- April 16, 2018
After riding high in the charts in the 1980s, both as a solo artists and as frontman for hitmakers Haircut 100, has continued songwriting and is back in the charts with his new album Woodland Echoes. He speaks with Victoria Nangle about writing, recording, and the old days.
Hi Nick, how is your day going?
It’s good, thanks. I was up early and slept well, which is an absolute delight.
I heard your set at this year’s Great Escape and you captivated the room. How do you feel about a return to touring and live performances after chiefly concentrating on recording?
I feel better and better about it the more I do it and I’m more prepared for it nowadays. It’s taken a lot of work – self-hypnosis helps me reach my full potential on stage and not beat myself up about it if I don’t. It really is about doing my best at the time. I used to have a voice that criticised me as I was singing. That voice has been removed from my mind and the building and the country and the world and the universe. It’s gone for good.
What made you decide to tour this album, after releasing two albums without the live accompaniment?
I wanted to do things properly and make it more enjoyable. I have a great band and I love working with them. They are: Andy Treacey, drums; Ryan Robinson, guitar; Anthony Clark, keyboards; Phil Taylor, bass; Rob Digweed, sax. And also being on tour with my son who is doing the sound. And my partner, Sara, who helps run Gladsome Hawk. All in all, it’s a lovely bunch of people and an absolute joy to work with everyone.
And why decide to start the tour in Brighton?
I can’t take credit for that one. You’d have ask my agent. But I’m glad it is Brighton.
The tracks felt so articulate, moving, and embracing. Was there a place or location you had in mind when you were writing Woodland Echoes?
Thank you. I didn’t have anywhere in mind so much, as I was writing and recording in the locations. It was mostly in spare rooms I was renting. So, the opening track ‘Love is the Key by the Sea’ for instance was written in the summer at the furthest point from the sea in a village called Stoke Row. So, the landscape seeped into the music, especially when I had the window open when it literally did in the case of ‘Beautiful Morning’ which captured the early dawn chorus of a beautiful summer’s day.
Self-hypnosis helps me reach my full potential on stage and not beat myself up about it if I don’t
You mentioned at the time that the album had a journey flow through its track listings. What is the most significant change over the years that has moved you from writing singles to albums as standalone?
I’ve always written albums and there’s been singles from them. I must say the only time I got stuck was trying to write singles was when I was recording From Monday to Sunday, and that’s where ‘Kite’ came from. It was the frustration of trying to write a single. When I stopped trying ‘Kite’ appeared and was picked as a single. My idea of a single probably isn’t a single, but my single picks on Woodland Echoes are ‘Who?’, ‘Love is the Key by the Sea’, ‘I Can See Her’, and ‘The Stars’. None of which have been single… yet. I’d like to release all the songs as singles because I feel all the songs reached their full potential, even the instrumental.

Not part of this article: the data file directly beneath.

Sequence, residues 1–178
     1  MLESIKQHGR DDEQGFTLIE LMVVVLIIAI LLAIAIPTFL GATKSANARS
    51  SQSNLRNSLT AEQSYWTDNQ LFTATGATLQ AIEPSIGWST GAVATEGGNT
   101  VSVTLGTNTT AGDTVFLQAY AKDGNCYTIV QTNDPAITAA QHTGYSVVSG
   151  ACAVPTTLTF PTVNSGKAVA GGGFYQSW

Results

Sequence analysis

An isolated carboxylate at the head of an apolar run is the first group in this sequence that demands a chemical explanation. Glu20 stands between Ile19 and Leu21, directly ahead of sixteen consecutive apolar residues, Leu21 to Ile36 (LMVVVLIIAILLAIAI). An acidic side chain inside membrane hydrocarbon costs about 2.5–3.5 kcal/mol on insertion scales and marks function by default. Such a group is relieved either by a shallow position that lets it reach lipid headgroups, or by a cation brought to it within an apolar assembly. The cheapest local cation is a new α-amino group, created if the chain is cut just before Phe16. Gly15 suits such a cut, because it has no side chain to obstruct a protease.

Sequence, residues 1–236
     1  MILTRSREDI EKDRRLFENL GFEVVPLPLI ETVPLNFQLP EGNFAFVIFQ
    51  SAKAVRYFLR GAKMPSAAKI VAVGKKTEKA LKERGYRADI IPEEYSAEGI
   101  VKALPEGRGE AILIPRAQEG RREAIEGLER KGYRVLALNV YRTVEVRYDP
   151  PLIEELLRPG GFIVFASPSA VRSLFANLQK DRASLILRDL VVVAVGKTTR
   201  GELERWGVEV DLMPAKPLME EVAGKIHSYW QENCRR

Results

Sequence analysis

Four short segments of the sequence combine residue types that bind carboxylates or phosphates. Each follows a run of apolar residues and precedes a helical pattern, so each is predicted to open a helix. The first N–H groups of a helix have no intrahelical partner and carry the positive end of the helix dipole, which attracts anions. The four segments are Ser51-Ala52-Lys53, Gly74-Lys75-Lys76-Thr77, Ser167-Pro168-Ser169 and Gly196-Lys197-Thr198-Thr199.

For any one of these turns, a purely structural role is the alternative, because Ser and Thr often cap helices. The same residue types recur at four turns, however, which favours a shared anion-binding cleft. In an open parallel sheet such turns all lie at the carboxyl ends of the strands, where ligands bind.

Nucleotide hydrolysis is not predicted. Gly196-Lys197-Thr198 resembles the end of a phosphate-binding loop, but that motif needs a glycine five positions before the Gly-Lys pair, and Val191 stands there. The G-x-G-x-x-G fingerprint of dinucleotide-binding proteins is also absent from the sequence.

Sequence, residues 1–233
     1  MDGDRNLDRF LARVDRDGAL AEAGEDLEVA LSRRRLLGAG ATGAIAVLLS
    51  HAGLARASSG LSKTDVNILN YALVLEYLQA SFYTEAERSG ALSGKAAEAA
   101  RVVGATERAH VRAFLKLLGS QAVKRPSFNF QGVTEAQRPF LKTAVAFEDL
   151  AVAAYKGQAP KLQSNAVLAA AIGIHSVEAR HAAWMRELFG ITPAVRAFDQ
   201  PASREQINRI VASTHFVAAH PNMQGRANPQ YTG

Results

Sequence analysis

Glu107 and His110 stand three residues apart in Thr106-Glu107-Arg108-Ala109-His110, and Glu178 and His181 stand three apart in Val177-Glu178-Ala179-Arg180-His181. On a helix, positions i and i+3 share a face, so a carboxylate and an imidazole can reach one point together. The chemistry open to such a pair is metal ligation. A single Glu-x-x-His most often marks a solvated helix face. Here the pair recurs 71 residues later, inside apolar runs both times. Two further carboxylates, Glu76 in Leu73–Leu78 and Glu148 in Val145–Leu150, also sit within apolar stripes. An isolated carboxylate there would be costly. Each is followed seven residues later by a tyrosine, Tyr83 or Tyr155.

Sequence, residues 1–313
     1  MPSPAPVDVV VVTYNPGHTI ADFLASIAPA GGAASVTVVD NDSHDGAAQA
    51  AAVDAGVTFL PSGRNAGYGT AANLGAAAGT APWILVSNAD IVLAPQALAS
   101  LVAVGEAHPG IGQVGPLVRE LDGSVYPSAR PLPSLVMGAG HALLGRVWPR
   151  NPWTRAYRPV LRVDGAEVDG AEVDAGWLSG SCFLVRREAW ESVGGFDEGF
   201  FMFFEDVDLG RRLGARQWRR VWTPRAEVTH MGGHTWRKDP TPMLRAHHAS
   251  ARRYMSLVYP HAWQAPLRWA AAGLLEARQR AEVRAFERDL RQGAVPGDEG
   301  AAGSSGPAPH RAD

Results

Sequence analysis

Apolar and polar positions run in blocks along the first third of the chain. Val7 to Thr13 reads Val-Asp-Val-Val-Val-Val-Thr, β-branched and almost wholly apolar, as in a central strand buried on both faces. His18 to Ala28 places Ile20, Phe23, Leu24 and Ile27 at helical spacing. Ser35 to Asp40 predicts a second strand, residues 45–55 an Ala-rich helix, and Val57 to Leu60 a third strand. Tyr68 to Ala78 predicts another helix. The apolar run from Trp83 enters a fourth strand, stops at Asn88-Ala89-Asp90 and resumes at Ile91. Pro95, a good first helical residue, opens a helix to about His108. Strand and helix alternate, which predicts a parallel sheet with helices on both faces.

Congratulations on Woodland Echoes entering the independent charts at number 4. With critical and commercial success over the year, whose acclaim is important to you and why?
All the acclaim that I’ve got for this album is important. So, when people hear the album and they’re affected by it and are brave enough to share that with me on social media. That’s something that’s not been there in the music world, so there’s more appreciation going around these days, which keeps the independent artist alive and kicking. I’m sure it’s inspiring lots of people out there. The more encouragement
At The Great Escape there were requests for ‘Blue Hat For A Blue Day’ and ‘Favourite Shirts’ – the second of which you kindly played. What is your relationship with your own back catalogue?
I feel I have a healthy relationship with my back catalogue. We’ve been through times when we’ve needed space. But now they are good old friends to hang out with and I enjoy their company immensely.
Do you have a favourite track you like to play for yourself?
‘Fantastic Day’ because it’s what I learned to play and sing on in my bedroom. So, I have great affection for it, it’s like going right back to the beginning. It’s the lavender pod I trod on in the punk days.
In 40 years’ time, what would you most like to be remembered for?
Professionally, for my songs to be remembered more than I am. And personally, as somebody who didn’t want anything from anyone.
Nick Heyward, Concorde2, Thursday 24 May, 7.30pm, £22.50